Trump has made history, right up there with Aaron Burr.

A New Year

I go by the son, so today is the end of one year, and the beginning of another. For the next six months, every day will be a little longer than the one before. In Alaska, that’s important. This is the year the Biden administration will be judged by the American people, in the November elections. In a little more than ten months, we’ll know the verdict. I actually think I know what it will be.

If you’ve ever thought about running for office as a Republican, this is the year to do it.

A Bipartisan Path to Campaign Finance Reform

On September 15, 1787, the final full day of deliberations at the Constitutional Convention, the text of Article V was agreed upon, unanimously. At the insistence of George Mason, the states were given the authority to propose amendments without the approval of Congress. This was necessary, argued Mason, because the Congress itself might become the cause of the need for an amendment.

This power has been successfully deployed only once in the years since, when it was used to coerce the Senate into passing the 17th Amendment. Senate seats had been for sale in many state legislatures, and only when 30 of the needed 32 Article V resolutions were passed did the Senate bow to the will of the people, and agree to popular election.

Today the corruption and dysfunction of Congress exceeds, perhaps, that at any time in our history. The situation is so extreme that it cries out for the states, once again, to intervene, and correct these abuses using Article V.

The Framers distrusted state legislatures, and made their exercise of Article V power extremely difficult. Only amendments which have the support of a bipartisan supermajority are possible.

When the campaign for an Article V Balanced Budget Amendment (BBA) began in 1975, it was led by two Democrats, from Maryland and Mississippi. Success came quickly, and by 1979 the idea had taken hold. Democratic Governor Jerry Brown of California launched his campaign for the Presidency featuring an Article V BBA as one of his principle proposals.

At this point Congressional Democrats, led by Speaker Tip O’Neill, launched a counterattack. Rather than address the BBA on its merits, they concocted the scare tactic of a “runaway convention”, and eventually succeeded in halting, and then reversing, the progress toward an Article V BBA. In the years since, the BBA has become a partisan issue, making its passage all but impossible.*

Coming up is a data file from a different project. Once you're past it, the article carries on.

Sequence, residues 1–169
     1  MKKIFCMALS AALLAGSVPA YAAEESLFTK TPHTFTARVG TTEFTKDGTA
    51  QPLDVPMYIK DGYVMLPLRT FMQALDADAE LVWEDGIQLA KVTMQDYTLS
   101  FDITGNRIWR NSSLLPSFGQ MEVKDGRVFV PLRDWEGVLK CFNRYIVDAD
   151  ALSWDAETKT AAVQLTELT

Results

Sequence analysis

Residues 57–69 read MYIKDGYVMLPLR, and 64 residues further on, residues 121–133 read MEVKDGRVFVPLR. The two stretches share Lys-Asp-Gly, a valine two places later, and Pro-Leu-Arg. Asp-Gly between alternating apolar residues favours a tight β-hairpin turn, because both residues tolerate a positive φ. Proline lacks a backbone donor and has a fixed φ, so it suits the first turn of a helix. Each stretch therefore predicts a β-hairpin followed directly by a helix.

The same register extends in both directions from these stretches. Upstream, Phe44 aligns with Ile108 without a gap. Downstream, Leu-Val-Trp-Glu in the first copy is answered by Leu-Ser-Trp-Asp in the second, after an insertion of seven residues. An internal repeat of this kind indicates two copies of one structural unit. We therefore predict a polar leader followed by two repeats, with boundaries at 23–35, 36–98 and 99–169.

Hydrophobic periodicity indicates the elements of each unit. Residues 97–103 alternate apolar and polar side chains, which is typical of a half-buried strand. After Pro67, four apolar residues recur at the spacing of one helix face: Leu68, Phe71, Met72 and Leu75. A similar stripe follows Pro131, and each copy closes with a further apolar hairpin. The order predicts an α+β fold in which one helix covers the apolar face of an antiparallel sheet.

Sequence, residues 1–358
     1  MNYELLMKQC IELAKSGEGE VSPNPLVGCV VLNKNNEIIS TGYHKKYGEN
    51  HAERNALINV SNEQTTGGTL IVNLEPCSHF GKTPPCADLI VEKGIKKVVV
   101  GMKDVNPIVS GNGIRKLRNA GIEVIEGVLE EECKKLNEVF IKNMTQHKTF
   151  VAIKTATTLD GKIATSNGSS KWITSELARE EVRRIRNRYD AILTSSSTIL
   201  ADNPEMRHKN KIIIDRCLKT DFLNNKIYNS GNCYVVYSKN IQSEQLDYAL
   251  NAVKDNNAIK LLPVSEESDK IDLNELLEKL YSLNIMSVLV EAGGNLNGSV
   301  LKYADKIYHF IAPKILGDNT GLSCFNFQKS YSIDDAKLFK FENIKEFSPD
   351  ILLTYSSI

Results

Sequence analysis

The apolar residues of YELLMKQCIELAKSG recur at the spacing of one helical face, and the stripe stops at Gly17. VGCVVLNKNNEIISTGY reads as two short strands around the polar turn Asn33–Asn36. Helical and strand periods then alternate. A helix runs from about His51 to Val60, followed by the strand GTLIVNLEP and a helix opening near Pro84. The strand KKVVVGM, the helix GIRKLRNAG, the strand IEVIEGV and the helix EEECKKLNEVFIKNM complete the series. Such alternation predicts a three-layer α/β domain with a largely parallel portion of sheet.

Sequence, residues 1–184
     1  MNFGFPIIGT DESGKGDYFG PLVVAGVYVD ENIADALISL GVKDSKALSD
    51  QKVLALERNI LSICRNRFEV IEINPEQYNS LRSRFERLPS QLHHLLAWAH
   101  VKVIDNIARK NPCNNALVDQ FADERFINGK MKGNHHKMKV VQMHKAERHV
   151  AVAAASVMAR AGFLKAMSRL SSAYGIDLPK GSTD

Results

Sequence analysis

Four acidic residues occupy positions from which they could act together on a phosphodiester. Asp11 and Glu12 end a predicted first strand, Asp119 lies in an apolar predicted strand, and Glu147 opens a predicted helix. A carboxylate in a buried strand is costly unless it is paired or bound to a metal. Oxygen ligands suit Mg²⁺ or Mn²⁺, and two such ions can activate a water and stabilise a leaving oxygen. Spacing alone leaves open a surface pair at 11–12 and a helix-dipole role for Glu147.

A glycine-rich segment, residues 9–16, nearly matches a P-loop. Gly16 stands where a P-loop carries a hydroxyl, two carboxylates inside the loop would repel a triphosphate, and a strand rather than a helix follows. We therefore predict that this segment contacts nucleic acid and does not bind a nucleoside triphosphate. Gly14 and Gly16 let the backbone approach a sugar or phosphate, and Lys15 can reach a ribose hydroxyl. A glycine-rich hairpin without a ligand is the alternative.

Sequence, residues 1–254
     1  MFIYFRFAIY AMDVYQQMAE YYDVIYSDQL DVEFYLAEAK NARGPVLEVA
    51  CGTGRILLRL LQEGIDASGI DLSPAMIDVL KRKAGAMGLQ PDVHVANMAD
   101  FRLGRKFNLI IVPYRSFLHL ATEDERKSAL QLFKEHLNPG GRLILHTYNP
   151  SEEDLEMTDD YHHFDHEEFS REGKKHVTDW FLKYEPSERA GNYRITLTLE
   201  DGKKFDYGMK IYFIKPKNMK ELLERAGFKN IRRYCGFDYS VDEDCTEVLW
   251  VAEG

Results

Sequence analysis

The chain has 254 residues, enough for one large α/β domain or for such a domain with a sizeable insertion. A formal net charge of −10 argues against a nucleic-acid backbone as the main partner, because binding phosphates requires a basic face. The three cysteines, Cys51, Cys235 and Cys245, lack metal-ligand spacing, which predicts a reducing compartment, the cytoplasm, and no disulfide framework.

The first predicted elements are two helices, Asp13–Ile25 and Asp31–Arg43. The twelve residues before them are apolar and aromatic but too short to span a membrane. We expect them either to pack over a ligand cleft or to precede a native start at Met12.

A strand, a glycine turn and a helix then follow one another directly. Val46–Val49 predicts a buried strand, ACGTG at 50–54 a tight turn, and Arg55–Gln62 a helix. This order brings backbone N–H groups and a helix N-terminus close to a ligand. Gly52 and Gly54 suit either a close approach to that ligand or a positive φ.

Now another proposal has the promise of attaining bipartisan, supermajority support — Campaign Finance Reform (CFR). Congressional corruption is thoroughly bipartisan. Congressional dysfunction is so extreme that action must be taken, lest our entire republican form of government be lost.

Five Democratic state legislatures have passed Article V CFR Resolutions. If Republican legislatures add their numbers, the needed 34 state threshold can be reached, and the first Article V Amendment Convention in our history can be held.

Republican legislators are wary of campaign finance reform. They fear it could have an empowering effect for the Democratic Party, and prove an impediment to their own election.

This fear is groundless, since the current political environment gives Republicans control of 30 state legislatures, more than enough to ensure that Republicans, not Democrats, would have a majority at any Amendment Convention. No conclave controlled by Republicans will produce an amendment which puts them at a competitive disadvantage.

All the talk of a runaway convention is moonshine. Every legislature will send as delegates its most trusted and experienced members. These senior statesmen will meet knowing full well that the eyes of the nation, and of history, are upon them. The idea that these honorable men and women would violate their oath, disregard their instructions, and undertake some sort of constitutional coup d’etat is so ludicrous it doesn’t deserve further discussion.

It goes without saying that the delegates to an Amendment Convention will never approach the quality of the men who assembled in Philadelphia. There is no Madison, or Franklin, or Washington among us. But we can hope that these men and women will match their predecessors in one respect. Looking back, some 40 years after the event, Madison recalled “that there never was an assembly of men, charged with a great & arduous trust, who were more pure in their motives”.

That, we can reasonably expect.